Interested supervisors with potential project(s) should first discuss with their group lead and/or group FHS point-of-contact.


Step 1: Ensure you are eligible to supervise/co-supervise an FHS project (see ‘WHO CAN SUPERVISE?’ above)

Step 2: Identify potential students. FHS projects in the department can be arranged in two ways:

  1. Students contacting the department for completing their FHS project will be added to a central database. This list will be shared with the FHS point-of-contact for each group in the departmental FHS group list for supervisors to contact students directly.
  2. Students contact groups/supervisor(s) directly to enquire about projects.

Step 3: Agree and assign a student to a specified project.

The student will need to provide a ‘Request to Seek Approval of a Research Project Form’ (found on the FHS Canvas site here) which they will need to submit by week 8, Hilary Term). The medical sciences student administration team will handle all correspondence with supervisors after submission of the form and will ask supervisors to confirm student allocation should their project be selected by a student. They will then officially confirm student allocation via email.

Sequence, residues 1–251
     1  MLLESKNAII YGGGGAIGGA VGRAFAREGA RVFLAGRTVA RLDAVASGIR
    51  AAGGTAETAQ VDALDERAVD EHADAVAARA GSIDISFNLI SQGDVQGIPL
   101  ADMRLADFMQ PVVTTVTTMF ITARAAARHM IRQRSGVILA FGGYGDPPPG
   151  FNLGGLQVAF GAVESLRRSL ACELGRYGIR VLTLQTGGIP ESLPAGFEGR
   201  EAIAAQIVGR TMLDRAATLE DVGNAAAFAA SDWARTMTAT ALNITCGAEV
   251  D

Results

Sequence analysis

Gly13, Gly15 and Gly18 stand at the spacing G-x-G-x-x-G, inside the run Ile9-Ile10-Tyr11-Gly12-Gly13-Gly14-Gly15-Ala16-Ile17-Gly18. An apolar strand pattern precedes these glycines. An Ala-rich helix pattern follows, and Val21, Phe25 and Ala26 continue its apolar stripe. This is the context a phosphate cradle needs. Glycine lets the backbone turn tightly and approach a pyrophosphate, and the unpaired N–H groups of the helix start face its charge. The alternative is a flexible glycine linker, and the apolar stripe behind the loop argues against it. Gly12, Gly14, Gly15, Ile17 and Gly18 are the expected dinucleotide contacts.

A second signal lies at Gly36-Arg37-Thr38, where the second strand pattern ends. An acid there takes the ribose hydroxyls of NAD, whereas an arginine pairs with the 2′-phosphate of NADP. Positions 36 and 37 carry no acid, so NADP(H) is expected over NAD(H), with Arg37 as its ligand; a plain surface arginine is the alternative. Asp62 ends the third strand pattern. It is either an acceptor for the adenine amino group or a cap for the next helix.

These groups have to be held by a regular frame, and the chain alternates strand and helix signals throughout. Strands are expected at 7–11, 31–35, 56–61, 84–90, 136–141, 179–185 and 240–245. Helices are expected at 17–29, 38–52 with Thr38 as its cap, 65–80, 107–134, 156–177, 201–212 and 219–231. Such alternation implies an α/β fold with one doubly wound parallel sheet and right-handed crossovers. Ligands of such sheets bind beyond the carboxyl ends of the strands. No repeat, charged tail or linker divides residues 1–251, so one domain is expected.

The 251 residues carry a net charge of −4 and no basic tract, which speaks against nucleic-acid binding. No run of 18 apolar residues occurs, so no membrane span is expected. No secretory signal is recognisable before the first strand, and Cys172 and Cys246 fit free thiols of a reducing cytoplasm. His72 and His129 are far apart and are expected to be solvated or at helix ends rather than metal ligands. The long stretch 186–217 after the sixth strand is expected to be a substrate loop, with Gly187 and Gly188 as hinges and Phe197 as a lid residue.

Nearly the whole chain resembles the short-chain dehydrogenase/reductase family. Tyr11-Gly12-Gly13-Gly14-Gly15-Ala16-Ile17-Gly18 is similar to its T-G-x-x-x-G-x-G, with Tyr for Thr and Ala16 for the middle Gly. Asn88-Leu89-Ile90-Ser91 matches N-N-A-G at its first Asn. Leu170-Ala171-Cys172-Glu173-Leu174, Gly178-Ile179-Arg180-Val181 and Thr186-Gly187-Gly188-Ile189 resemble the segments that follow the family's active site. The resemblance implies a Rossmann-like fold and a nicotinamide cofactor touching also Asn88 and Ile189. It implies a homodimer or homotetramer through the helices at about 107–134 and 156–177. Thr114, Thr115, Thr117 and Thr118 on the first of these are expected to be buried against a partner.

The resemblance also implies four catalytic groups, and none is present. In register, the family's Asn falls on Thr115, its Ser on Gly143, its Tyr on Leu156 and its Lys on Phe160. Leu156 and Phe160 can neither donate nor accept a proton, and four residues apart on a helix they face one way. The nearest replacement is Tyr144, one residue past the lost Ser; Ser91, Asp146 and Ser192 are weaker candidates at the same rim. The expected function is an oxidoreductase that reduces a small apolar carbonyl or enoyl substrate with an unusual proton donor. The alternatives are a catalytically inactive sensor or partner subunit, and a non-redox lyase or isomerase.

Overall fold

Step 4: Supervisor(s) must inform Dr David Nunan and Daniel Long via email of the project title and the name of the student assigned once the student has submitted their project form. The official confirmation email from medical sciences must also be forwarded to Dr Nunan and Daniel Long once received.

Step 5: Supervisor(s) liaise with Daniel Long regarding arrangements for student attendance in the department in Trinity Term 2023.

If you have a question about the scheme, please contact the department's FHS Academic Lead, Dr David Nunan. The central divisional team for FHS projects can be contacted at

Click here to see students who have expressed an interest in doing a project with us. (sso login required)


Click here to view current/available FHS projects (sso log in required)